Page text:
What’s a Nanny Share?
A nanny share is when two (sometimes more) families work together to hire you to take care of all of their children at the same time.
How Does A Nanny Share Work?
Nanny shares are initiated (usually) by the parents. They have discussed this child care option together and have decided that it’s right for them.
One of the reasons that families will have dedicated that a nanny share is right for them, is because both of their schedules overlap. A nanny share only works if the families need child care at the same time.
It’s possible that one family could need more coverage than the other—that can work in your favor! You’ll be caring for both families’ kids during the designated “nanny share time.” Outside of that, you can care for each family individually, as needed, and be compensated at your full hourly rate.
Location is a discussion between the families involved. All care could take place at one of their homes, or it could be split between both as they see fit. If both homes are being used, make sure you discuss a clear system for everyone to know where care is happening and when. The last thing you want is for wires to get crossed and neither home is available for care.
Additionally, for each sitting, the visiting kid(s) will need transportation to the home in which care is taking place. The families could decide that this would be part of your duties, but make sure that you’re being compensated for that time and gas/mileage. That’s “on-the-clock” work!
The Benefits of a Nanny Share
Typically, each family pays two-thirds of your hourly rate based on what they would pay on your own. This means that you’ll be making more money per hour than if you were caring for just one family! Just make sure they’re paying you at least minimum wage, which is the highest of the federal, state, or local rate.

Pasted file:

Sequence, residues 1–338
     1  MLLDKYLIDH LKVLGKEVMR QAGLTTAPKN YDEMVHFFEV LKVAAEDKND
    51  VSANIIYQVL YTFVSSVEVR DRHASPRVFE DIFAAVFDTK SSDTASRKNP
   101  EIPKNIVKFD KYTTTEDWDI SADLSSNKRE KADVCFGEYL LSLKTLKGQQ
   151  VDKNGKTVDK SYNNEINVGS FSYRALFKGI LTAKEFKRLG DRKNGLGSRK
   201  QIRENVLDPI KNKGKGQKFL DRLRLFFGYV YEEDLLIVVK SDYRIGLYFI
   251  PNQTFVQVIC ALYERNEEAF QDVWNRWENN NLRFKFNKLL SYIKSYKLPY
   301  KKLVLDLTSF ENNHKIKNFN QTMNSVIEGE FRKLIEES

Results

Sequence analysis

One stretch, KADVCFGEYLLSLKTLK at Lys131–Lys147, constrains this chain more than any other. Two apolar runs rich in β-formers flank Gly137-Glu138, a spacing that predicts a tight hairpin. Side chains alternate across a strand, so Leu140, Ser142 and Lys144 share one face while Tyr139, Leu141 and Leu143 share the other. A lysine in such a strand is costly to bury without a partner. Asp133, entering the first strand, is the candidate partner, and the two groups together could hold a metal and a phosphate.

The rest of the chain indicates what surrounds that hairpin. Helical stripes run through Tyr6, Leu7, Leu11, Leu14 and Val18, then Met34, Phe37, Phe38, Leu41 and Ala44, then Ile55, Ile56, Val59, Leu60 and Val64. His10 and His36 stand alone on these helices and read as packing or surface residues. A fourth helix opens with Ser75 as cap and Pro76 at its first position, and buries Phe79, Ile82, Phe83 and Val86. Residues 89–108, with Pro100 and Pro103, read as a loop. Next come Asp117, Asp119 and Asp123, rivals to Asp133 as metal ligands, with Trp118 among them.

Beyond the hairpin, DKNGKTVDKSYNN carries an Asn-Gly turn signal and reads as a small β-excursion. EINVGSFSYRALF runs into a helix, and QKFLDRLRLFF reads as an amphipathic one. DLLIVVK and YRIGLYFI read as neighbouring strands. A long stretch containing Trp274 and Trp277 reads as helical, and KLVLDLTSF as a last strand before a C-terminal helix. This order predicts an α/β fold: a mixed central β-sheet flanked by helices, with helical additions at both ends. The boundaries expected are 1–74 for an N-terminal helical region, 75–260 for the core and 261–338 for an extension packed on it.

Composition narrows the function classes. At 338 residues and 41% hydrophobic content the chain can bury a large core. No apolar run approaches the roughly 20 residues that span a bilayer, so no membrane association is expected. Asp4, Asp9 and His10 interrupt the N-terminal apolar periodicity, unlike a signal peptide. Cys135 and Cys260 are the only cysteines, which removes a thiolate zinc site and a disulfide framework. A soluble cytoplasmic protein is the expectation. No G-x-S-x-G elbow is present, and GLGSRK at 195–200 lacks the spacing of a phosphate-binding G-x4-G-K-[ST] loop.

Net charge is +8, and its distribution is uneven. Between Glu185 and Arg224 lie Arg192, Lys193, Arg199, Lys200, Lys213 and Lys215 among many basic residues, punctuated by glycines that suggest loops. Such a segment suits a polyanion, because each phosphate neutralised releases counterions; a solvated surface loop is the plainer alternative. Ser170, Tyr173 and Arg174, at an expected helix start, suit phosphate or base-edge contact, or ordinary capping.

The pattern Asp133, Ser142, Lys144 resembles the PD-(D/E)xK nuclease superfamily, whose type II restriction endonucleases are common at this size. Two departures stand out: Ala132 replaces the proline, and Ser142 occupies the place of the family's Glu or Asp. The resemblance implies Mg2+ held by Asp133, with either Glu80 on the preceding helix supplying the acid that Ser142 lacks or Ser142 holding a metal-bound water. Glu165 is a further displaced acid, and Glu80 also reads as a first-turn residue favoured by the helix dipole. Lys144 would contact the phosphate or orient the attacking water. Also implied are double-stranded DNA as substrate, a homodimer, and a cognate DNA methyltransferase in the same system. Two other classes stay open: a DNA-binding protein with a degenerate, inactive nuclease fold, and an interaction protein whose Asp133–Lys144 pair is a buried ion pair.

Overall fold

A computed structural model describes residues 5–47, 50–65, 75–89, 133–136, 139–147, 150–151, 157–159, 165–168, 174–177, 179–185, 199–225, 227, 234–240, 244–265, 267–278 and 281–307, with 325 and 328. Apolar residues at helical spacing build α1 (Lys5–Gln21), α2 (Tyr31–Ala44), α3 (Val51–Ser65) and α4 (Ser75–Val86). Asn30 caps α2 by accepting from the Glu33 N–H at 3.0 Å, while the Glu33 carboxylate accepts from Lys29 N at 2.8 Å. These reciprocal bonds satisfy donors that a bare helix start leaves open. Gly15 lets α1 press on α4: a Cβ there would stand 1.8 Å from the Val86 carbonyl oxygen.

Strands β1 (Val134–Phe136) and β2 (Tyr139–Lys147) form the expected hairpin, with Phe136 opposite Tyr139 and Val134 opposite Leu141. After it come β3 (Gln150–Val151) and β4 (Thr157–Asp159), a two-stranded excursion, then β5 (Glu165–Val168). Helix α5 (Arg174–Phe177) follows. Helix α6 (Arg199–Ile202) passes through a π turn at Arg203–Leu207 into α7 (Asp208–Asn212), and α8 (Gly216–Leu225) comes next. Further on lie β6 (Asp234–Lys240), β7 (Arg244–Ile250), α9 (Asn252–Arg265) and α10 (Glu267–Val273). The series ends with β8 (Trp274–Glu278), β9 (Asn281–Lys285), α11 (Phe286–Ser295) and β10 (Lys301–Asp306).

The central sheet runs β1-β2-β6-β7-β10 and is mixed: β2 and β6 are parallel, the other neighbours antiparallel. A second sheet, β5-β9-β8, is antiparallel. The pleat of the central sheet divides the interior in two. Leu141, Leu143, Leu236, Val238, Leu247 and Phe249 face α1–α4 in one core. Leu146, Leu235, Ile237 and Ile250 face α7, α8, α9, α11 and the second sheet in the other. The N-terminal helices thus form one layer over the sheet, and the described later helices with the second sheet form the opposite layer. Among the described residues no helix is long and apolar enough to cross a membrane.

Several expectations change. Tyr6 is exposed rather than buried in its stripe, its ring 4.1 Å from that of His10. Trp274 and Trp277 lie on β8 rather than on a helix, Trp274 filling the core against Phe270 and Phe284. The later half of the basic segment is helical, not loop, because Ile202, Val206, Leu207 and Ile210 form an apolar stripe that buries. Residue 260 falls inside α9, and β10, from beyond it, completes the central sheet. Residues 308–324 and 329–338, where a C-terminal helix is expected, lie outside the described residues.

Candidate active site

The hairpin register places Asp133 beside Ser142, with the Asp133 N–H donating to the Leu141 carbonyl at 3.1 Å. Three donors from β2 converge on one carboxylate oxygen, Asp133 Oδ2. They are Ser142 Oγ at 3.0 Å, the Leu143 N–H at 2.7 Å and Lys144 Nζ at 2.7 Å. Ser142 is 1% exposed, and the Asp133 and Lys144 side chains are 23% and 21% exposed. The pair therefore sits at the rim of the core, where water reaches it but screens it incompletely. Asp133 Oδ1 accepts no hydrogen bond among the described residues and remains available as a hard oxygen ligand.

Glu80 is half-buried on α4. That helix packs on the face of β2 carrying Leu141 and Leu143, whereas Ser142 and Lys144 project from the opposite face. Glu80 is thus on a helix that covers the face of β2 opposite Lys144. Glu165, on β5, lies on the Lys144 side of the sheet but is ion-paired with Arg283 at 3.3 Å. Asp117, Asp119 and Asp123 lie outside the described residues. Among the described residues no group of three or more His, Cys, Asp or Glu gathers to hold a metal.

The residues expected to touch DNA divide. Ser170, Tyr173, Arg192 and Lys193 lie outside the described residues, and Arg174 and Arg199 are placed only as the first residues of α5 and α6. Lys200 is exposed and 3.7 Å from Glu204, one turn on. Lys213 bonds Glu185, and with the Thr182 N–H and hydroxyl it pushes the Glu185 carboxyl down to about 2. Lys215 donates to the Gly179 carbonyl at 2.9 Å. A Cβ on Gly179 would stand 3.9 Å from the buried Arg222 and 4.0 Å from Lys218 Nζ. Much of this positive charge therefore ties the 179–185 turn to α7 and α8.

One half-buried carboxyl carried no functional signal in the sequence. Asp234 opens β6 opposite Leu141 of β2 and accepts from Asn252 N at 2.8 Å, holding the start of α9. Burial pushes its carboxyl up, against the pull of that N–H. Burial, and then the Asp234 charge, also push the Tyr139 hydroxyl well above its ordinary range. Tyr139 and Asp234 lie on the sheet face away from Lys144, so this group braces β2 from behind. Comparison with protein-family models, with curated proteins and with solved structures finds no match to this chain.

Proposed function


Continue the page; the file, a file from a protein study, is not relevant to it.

In a nanny share, both families are considered employers by the IRS. That means both families must pay you legally and pay the related taxes. Being paid “over the table” gives you the benefits of having a verifiable income and legal employment history (needed for loans, credit, social security, medicare), receiving unemployment benefits, and being eligible for a healthcare subsidy.
Don’t get us wrong—individual time spent with a kid can be lots of fun. However, the benefit of a nanny share is that there are other kids, typically friends, to help keep the energy fun and increase the options of activities.
The Challenges of a Nanny Share
A nanny share has a lot of moving parts. There are at least two families with their own schedules and needs as well as your availability. All families involved are paying you—potentially different amounts based on the hours worked and with which kids. All of this coordination necessitates one of the parents to take the lead on being the master manager, but double-checking their work will be important to ensure you’re not missing out on pay or knowing what’s going on.
Not only is it already important for families to have clear communication about expectations and needs with you, but with a nanny share, all families involved have to be on the same page. This isn’t something that you, as the nanny, can control, but pay attention and advocate for yourself to have clear cut communication from everybody.
With a nanny share, kids are interacting with other kids on a regular basis and potentially in someone else’s home. There has to be a certain amount of trust that is built up between you and the each family and between the families themselves. Additionally, schedules have a way of shifting at the last minute. Is there enough trust and understanding that everyone involved will handle these situations with care and flexibility? You don’t want to get caught between feuding families for your time.
Is A Nanny Share Job Right For You?
Only you can decide that for yourself. Really consider the pros and cons and what type of work environment is ideal for you. It could be that you’re open to doing a nanny share, but that you have strong qualifications that each of the families must meet in order to take them on for that type of job. Bottom line: be honest with yourself and with the families involved.